Last September I was preparing to travel to Hungary and Poland to visit the mass graves and camps.
It was the end of the summer, the weather was good, and it made sense to combine the research trip with
a holiday. A strange postmodern Ballardian holiday…
I’ve been reading an article by Jason Webster about a package holiday that tours sites of Nazi memory in Germany. It takes in Wannsee Villa, Sachsenhausen, Eagles Nest, Nuremberg Court Room, Dachau. Needless to say it has attracted controversy, but I was surprised to read that at Eagles Nest there are already coaches to take tourists up to the site where they can buy Eagles Nest branded baseball caps and t-shirts.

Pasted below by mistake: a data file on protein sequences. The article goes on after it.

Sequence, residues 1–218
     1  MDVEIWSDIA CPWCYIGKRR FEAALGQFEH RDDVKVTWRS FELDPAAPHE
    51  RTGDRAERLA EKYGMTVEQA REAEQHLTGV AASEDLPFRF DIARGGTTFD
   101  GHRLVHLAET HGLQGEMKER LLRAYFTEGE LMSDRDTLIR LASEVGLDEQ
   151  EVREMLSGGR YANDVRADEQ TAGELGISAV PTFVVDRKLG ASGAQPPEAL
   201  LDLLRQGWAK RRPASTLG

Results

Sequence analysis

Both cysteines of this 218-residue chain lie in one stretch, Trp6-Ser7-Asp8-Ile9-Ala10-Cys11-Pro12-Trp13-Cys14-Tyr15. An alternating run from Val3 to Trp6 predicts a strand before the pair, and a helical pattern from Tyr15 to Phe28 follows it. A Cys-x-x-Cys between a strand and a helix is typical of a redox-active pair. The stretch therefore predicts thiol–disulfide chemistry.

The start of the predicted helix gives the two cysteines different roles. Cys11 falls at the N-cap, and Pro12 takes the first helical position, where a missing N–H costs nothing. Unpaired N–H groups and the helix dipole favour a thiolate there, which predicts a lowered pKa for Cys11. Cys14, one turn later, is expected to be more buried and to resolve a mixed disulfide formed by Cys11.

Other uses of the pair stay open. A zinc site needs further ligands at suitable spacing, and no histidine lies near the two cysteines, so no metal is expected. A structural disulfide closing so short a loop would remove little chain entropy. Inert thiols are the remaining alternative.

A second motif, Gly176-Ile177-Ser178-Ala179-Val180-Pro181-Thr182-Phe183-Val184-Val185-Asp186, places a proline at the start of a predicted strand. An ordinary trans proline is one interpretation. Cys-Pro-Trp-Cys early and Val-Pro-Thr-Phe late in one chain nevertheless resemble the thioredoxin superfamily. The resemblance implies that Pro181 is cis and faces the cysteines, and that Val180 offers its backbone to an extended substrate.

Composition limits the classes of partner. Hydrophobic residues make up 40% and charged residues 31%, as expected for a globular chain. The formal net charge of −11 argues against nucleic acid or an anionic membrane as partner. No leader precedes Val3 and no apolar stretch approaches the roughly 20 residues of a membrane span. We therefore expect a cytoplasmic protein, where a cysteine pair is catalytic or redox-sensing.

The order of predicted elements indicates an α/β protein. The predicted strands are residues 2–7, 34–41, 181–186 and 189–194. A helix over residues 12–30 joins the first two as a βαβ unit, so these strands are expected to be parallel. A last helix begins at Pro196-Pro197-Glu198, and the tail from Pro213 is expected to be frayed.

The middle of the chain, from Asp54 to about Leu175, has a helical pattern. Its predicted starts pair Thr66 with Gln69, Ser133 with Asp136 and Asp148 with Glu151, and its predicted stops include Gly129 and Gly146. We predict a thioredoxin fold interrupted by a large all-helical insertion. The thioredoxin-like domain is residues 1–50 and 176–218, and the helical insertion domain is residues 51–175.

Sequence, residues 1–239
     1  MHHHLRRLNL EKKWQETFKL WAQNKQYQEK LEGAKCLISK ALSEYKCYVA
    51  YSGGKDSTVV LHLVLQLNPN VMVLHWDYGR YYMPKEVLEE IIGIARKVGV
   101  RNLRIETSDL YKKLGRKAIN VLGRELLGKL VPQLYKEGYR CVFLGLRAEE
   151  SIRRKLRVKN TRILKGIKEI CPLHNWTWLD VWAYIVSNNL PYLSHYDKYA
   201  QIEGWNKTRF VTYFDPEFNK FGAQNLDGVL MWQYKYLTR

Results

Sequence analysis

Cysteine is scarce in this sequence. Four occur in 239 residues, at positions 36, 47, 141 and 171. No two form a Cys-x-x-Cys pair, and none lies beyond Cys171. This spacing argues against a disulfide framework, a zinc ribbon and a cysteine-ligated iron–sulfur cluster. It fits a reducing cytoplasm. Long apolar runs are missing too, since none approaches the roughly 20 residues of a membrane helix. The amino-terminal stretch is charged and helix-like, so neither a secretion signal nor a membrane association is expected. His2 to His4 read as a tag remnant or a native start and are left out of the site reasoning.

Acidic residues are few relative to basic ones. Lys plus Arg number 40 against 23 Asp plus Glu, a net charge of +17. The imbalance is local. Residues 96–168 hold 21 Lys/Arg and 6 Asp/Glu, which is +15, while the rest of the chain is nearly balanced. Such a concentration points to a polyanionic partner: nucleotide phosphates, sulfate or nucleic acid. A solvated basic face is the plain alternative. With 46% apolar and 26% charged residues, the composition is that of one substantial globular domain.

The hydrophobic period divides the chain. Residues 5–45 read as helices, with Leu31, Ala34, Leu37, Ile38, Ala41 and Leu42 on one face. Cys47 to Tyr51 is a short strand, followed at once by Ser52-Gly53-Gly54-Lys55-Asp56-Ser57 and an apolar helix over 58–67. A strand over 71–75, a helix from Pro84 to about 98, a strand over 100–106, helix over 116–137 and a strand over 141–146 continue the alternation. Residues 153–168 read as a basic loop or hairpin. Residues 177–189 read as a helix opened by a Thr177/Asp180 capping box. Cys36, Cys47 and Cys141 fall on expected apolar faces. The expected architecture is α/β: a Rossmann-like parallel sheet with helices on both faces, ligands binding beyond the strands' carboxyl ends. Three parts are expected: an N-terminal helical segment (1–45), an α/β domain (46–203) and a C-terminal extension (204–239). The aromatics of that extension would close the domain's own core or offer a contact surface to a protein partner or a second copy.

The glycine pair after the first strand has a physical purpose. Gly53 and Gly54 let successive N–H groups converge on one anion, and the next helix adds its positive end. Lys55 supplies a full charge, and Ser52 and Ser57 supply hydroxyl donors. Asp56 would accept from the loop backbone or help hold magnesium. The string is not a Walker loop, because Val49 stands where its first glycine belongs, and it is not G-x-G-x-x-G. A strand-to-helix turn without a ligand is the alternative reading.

‘How the Nazi period should be remembered is an over-arching theme that develops as we travel around the country. When I lived in Germany as a child, in the late 1970s, any mention of the war was taboo. Today, however, many venues have recently-opened excellent museums [...] suggesting that Germans themselves are coming to terms with their past and are more at ease with the idea of others coming to learn about it [...].
In earlier centuries it was fashionable to take the Grand Tour, to complete one’s education by travelling to Italy and Greece to learn about Classical civilisation. Today’s equivalent may turn out to be this – to witness the relics of one of the greatest horrors of man: a grandeur not to be emulated but to grapple with, to question, to struggle to comprehend.‘ Jason Webster